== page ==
President-elect Joe Biden has promised to mend strained relations between Europe and the United States, but he faces a difficult task. The strife between the European Union and the United States grew before President Donald Trump took office and will not go away when he leaves. Real leadership is needed to create a new base for trans-Atlantic cooperation, especially since Britain is no longer a helping member of the EU.
Repairing relations at the level of mutual communication and friendly words will not be difficult. But that won’t be a problem in discussing the reasons behind the split between the European Union and the United States.
Germany, the leading country in the EU, and the United States have fundamental differences in defense and relations with Russia and China, issues that touch the heart of the Atlantic alliance. This divergent view was evident during the Obama administration and has only developed over the past four years.
For example, Germany has continued to work on Russia’s new Nord Stream 2 natural gas pipeline despite objections from the United States and even Germany’s EU neighbors closer to the Russian border, who fear Berlin will make it easier for Russia to control the critical path. energy supply to Europe.
As a result, says George Mason University author Colin Dueck, Germany’s energy goals “hinge on Putin’s rule in Russia.”
The EU recently concluded a trade agreement with China, largely at Germany’s insistence, which was carried out without consulting other trading partners, including Biden’s upcoming team. The trade pact is seen as dangerous to US interests in stopping China’s predatory trading practices.
Germany’s desire to find an independent foreign policy in which it can maneuver between the United States on the one hand and Russia and China on the other goes back to the end of the 20th century.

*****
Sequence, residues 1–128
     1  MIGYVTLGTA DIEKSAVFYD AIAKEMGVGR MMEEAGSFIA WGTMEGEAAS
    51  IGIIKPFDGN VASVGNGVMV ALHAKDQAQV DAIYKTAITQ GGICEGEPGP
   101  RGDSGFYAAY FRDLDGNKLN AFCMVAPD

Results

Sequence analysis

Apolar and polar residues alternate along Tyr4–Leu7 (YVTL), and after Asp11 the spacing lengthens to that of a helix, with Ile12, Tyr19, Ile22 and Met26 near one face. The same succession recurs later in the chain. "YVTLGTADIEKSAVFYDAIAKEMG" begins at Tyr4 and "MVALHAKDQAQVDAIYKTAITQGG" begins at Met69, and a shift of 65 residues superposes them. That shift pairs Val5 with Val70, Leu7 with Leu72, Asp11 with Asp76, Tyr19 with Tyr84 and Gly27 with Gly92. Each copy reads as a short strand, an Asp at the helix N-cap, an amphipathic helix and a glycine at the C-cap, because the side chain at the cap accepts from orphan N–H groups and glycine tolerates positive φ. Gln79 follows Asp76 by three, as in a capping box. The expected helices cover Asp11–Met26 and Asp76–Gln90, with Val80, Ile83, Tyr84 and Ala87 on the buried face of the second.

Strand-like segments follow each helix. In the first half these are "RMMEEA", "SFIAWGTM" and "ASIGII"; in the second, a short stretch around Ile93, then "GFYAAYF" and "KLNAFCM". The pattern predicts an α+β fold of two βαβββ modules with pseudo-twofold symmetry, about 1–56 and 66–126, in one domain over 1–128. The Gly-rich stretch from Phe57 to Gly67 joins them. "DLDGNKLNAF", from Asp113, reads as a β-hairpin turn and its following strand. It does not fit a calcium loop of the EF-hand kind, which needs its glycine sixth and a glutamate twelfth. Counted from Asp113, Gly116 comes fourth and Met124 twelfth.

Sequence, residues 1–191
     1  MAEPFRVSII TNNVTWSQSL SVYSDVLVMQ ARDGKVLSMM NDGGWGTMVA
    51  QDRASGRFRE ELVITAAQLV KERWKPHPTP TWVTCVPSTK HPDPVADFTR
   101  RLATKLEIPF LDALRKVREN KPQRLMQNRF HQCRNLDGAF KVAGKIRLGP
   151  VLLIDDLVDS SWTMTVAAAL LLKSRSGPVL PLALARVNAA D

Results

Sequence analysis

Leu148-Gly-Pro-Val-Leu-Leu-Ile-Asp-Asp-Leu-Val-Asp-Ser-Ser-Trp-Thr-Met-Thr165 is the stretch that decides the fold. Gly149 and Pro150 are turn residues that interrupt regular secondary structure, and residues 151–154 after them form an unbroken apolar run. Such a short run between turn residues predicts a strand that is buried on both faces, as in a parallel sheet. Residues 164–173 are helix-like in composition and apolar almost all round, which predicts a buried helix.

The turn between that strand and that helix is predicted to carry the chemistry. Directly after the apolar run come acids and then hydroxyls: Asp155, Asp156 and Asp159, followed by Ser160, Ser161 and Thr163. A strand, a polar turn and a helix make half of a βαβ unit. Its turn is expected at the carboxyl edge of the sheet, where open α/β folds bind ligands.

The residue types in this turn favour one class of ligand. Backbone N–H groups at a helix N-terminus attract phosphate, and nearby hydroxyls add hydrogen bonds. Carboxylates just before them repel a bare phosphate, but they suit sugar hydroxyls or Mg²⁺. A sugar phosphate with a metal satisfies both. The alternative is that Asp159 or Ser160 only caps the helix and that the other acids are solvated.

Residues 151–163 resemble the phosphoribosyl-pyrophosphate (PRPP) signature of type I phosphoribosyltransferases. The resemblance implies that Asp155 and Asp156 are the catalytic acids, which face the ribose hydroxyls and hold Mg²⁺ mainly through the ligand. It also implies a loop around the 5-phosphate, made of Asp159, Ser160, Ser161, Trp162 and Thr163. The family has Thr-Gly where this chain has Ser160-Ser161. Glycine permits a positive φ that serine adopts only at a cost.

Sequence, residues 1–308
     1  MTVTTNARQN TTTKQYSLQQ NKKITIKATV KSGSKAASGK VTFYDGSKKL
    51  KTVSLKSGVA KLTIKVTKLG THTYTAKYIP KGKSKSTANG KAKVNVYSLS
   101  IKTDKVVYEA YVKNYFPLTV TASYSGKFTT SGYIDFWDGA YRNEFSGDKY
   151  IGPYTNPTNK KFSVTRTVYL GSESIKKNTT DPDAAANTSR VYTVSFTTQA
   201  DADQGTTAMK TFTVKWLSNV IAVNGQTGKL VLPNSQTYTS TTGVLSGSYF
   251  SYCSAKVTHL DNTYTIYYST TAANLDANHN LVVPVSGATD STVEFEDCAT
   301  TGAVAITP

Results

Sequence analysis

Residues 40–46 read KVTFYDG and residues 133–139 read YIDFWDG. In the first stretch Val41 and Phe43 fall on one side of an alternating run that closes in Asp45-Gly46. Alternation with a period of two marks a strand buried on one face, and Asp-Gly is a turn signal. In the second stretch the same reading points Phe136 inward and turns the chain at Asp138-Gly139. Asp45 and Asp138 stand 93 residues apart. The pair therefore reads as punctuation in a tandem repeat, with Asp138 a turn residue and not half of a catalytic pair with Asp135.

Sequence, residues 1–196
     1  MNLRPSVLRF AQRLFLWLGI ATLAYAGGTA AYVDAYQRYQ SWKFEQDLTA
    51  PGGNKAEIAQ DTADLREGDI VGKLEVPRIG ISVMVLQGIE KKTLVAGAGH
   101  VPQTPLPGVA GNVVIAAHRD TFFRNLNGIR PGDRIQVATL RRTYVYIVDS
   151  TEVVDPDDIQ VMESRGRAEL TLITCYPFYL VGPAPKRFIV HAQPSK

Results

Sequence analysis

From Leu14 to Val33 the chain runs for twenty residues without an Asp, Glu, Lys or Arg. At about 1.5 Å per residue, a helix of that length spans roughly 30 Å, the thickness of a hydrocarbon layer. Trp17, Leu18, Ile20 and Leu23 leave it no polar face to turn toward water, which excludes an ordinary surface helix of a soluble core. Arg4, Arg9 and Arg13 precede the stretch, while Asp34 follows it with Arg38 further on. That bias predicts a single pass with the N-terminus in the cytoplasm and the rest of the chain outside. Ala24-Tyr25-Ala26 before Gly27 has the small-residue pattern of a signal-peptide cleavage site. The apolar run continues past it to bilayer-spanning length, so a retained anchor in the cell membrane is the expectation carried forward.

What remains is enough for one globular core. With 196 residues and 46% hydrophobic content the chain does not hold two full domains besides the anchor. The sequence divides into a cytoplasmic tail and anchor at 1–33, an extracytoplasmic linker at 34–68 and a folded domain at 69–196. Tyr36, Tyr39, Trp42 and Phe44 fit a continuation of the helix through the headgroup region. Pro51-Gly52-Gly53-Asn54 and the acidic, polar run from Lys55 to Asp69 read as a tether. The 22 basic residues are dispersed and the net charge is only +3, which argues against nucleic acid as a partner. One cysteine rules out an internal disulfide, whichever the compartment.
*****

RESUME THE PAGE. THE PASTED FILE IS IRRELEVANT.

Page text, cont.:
On the plus side, Germany has increased its defense spending significantly, along with our other European allies and Canada. However, it still lags behind NATO guidelines that set 2% of GDP as a target for NATO defense spending. In taking a more tolerant approach to the Russian threat, Germany has downplayed the security needs of Eastern European NATO members.
Britain’s exit from the EU will complicate security dialogue with Germany; Britain is a moderate voice in EU discussions. France remains closer to Britain than to Germany about the need for strong defense, and Biden should encourage dialogue between London and Paris on security issues.
The concerns of Poland and other Eastern European members of NATO and the EU mean that the United States will still have an important voice in European security, something Germany appears to want to continue. Progress in NATO defense spending in recent years provides Biden with something to build on in strengthening Atlantic security.
On the economic front, the EU tariff barriers imposed by Germany hurt US exports, particularly cars. This has been a long-term problem that shows no signs of abating.
The third area where Mr. Biden should try to make progress is in creating an Atlantic free trade area with no or very low tariffs.
In short, he must do everything possible to strengthen trans-Atlantic security, trade and political relations. Given Germany’s desire to develop markets in Russia, China and Iran – other areas with different US-EU objectives – it will not be an easy road.